This book is the first major account of the life and times of a merchant in nineteenth-century Iran or in the Middle East. Haj Muhammad Amin al-Zarb (1834--1898) rose from humble beginnings to become one of Iran's wealthiest and most prominent merchants. He built up his wealth as a money changer, a trader in textiles, precious stones, opium, carpets, agricultural products, and staple foodstuffs amongst other goods, and judicious transactions in land. Adept at cultivating powerful connections, he became the principal supplier of luxury goods to the Shah, his court, and members of the ruling elite; served as private banker to the Shah, his prime minister, and influential bureaucrats; and became Master of the Mint. He had agents in all the main towns of Persia and Europe with correspondents in Asia and America.Amin al-Zarb was also an entrepreneur, industrialist, and innovator. Determined to bring to Iran the advances he had witnessed in Europe, he invested in mining, established factories with imported machinery (such as glass, china, and silk reeling), built a railway line, and urged the Shah to establish a national bank.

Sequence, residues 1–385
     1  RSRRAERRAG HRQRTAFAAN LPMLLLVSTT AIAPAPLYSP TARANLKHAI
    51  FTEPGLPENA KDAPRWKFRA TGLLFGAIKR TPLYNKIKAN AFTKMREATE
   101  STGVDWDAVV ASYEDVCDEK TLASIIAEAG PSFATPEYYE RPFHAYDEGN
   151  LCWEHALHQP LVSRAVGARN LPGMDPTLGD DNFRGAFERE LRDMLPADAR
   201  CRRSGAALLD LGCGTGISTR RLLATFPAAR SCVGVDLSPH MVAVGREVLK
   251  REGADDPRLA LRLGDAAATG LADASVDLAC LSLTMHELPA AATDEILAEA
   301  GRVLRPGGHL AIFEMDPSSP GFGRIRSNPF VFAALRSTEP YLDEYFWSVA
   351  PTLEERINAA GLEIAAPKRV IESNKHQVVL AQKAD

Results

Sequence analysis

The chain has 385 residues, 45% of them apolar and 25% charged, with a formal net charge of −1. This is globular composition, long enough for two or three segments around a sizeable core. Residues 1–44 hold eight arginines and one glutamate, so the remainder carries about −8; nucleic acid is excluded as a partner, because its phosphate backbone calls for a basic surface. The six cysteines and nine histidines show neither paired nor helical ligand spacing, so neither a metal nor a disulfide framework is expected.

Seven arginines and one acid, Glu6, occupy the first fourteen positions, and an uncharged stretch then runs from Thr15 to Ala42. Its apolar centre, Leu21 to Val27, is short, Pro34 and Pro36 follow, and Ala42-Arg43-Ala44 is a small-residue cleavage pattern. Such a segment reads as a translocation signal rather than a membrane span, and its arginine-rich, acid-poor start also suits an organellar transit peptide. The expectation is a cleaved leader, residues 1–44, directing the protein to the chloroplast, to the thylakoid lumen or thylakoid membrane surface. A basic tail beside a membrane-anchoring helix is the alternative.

He also became an advocate of reform and curbs on arbitrary rule. He befriended the famous Islamic reformer, Jamal al-Din Afghani. An innovator in business, Amin al-Zarb led a very traditional life at home. Gifted at making money, he was nevertheless a pious man who contributed generously to religious and charitable causes. Shireen Mahdavi draws on hitherto unpublished family archives to write not only a biography of a fascinating nineteenth-century merchant but also a social history of the period. Her portrait of Amin al-Zarb also provides important insights into the economic, social, and political role played by merchants in Iran and elsewhere in the Middle East in the nineteenth century.
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(229mm x 152mm x 20mm)
Westview Press Inc
Publisher: The Perseus Books Group
Country of Publication:
Author Biography - Shireen Mahdavi
Shireen Mahdavi was born in Tehran, Iran, and educated at the London School of Economics and Political Science, the University of Utah, and the University of London. Prior to the Iranian Revolution she taught at the Institute of Social Research in Tehran, was involved in research in the field of social affairs, and served as an advisor to the government. Currently an independent scholar, she has written extensively on various aspects of Iranian history, with special emphasis on the nineteenth century. She is married to the Iranian architect Reza Khazeni.